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    Created by Christine H
  • Living wage and union rights at Holiday Inn and Crowne Plaza hotels now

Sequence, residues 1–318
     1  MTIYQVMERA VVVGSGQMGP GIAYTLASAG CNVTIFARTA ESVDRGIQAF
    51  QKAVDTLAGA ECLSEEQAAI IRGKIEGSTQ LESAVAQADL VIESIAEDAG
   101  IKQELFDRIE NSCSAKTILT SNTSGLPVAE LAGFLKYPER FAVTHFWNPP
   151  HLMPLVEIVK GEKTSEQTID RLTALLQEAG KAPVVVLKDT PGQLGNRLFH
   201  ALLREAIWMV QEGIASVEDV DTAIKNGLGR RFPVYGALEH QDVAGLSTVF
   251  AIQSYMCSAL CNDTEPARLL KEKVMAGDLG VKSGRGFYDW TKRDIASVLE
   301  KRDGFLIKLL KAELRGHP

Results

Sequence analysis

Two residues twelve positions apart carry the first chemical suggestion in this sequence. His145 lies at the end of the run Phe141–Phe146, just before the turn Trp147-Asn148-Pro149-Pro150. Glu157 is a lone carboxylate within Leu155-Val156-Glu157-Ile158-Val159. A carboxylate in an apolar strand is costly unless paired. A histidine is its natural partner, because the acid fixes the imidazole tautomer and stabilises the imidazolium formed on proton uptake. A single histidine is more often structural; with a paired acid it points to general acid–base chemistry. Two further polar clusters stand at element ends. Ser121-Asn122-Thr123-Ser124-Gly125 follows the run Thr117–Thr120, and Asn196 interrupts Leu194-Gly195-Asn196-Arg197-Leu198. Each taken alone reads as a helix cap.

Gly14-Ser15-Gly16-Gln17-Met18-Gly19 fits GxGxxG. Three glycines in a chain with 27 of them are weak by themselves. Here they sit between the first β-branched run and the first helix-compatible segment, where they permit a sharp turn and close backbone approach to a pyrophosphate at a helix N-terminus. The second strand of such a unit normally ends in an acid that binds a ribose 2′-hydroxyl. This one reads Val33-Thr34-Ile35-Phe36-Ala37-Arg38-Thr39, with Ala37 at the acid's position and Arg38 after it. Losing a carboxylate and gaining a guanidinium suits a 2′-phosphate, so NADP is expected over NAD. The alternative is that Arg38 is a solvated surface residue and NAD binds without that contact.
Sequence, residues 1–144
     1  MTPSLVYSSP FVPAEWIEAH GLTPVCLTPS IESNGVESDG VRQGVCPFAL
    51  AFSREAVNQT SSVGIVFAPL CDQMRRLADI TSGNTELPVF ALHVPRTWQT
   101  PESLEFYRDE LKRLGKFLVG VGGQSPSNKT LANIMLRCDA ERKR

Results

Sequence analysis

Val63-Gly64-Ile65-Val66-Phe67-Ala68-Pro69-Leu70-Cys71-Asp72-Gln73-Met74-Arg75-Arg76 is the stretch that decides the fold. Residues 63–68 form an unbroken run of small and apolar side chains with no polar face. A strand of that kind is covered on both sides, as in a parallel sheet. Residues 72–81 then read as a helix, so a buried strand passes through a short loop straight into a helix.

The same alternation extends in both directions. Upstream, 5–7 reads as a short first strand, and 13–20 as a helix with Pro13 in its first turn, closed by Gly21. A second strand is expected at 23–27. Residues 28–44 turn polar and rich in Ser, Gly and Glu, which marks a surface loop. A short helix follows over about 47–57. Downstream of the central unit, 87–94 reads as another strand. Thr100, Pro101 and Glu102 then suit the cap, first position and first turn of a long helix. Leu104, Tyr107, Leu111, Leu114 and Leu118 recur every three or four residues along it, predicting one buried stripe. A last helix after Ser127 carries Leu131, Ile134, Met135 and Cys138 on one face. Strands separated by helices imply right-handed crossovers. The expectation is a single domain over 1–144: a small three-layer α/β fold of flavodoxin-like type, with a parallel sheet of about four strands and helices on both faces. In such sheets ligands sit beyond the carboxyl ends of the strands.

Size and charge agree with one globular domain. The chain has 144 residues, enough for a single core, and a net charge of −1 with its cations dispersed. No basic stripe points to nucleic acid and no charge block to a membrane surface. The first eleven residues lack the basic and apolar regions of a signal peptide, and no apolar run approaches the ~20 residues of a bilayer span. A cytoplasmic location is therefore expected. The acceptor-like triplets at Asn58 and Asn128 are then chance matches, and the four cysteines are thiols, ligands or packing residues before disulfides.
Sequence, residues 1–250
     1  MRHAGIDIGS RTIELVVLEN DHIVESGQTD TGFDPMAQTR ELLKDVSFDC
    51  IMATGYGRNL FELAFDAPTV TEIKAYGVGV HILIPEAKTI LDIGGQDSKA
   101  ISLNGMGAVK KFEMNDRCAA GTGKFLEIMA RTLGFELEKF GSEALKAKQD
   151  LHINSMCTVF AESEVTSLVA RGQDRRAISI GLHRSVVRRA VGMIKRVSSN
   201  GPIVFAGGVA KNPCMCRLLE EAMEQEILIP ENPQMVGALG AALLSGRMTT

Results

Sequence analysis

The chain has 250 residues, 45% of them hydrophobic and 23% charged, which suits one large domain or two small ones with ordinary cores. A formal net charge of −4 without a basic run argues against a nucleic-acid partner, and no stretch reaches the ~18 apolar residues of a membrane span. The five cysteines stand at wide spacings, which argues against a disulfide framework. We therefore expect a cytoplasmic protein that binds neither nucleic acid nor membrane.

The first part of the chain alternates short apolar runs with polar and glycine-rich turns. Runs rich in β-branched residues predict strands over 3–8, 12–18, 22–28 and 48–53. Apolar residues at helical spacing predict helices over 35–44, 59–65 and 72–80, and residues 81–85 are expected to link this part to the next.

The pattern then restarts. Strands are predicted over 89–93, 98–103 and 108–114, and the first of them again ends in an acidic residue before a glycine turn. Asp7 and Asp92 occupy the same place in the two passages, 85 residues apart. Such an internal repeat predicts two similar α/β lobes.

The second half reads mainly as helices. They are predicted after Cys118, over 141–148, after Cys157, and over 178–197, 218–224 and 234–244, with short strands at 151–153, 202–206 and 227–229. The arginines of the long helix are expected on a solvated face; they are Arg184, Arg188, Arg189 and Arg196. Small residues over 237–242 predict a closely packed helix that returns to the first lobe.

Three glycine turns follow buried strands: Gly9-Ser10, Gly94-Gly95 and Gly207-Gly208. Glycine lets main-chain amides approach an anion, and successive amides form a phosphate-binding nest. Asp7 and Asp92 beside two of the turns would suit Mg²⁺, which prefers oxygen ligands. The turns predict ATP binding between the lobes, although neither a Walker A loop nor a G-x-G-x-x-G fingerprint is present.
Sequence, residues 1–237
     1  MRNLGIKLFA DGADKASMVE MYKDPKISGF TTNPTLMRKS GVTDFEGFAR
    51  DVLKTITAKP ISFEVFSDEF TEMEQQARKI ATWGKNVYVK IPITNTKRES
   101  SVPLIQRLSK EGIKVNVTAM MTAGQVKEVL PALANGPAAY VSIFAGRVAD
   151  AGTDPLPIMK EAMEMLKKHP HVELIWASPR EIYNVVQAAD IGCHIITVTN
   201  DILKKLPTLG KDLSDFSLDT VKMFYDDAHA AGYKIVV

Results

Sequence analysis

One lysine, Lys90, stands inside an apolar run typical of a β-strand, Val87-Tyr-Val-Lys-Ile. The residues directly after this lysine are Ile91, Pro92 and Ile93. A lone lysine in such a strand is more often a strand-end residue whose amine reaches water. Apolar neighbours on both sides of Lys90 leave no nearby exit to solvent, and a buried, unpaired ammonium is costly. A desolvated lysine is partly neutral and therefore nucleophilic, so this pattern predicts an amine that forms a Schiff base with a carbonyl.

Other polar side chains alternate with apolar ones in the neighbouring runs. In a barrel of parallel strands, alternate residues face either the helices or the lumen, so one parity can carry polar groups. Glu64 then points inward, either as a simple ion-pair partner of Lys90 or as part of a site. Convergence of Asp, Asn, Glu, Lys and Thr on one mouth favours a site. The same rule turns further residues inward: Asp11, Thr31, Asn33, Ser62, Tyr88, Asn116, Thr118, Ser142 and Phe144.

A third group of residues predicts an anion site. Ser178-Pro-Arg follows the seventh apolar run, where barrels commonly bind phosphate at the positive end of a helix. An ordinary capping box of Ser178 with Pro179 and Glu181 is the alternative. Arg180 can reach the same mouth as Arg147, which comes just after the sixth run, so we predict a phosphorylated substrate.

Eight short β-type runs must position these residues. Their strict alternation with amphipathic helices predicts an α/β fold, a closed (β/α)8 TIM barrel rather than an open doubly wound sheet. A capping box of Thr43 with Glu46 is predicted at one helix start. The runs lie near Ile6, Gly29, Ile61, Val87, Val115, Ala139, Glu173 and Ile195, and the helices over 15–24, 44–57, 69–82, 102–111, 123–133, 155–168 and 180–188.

I have worked in an Intercontinental Hotels Group (IHG) branded hotel for 14 years. I’m also a member of Unite the union’s hospitality workers branch. My colleagues and I are overworked and poorly paid. Some of us are bullied and verbally abused on a daily basis by managers working to impossible targets. I’m proud of my union membership. But it’s not something I can openly talk about at work – it’s pretty much a no go area at IHG. So is decent pay, working in a hotel means that we are among some of the lowest paid workers in the UK. Shockingly around 80 per cent of us are paid less than the real living wage, which is £9 an hour/ or £10.55 an hour in London. IHG made $27.4bn last year. It can afford to pay us a wage we can live on. It should also respect my union. In 2009, my employer signed up to the United Nations Global Compact, committing to uphold 10 principles on human rights, labour, environment and anti-corruption. I actually thought that things would be different because my employer is a signatory to this international UN agreement, but it’s not. After nearly a decade of my union trying to negotiate access to IHG’s London hotels, including Holiday Inn and Crowne Plaza, we’ve had enough. Unite has now sent a formal complaint to the UN Global Compact. Please support me and my colleagues by signing and sharing this petition. Join us in calling on Keith Barr to work with our union, Unite. It’s only by working together with our union that we can root out low pay, insecure work, bullying and exploitation from IHG hotels in the UK. Tell him also that the UN Global Compact has got to be genuine. Promoting and protecting human rights at work needs to be more than a box ticking exercise. Thank you, John (name changed to protect identity)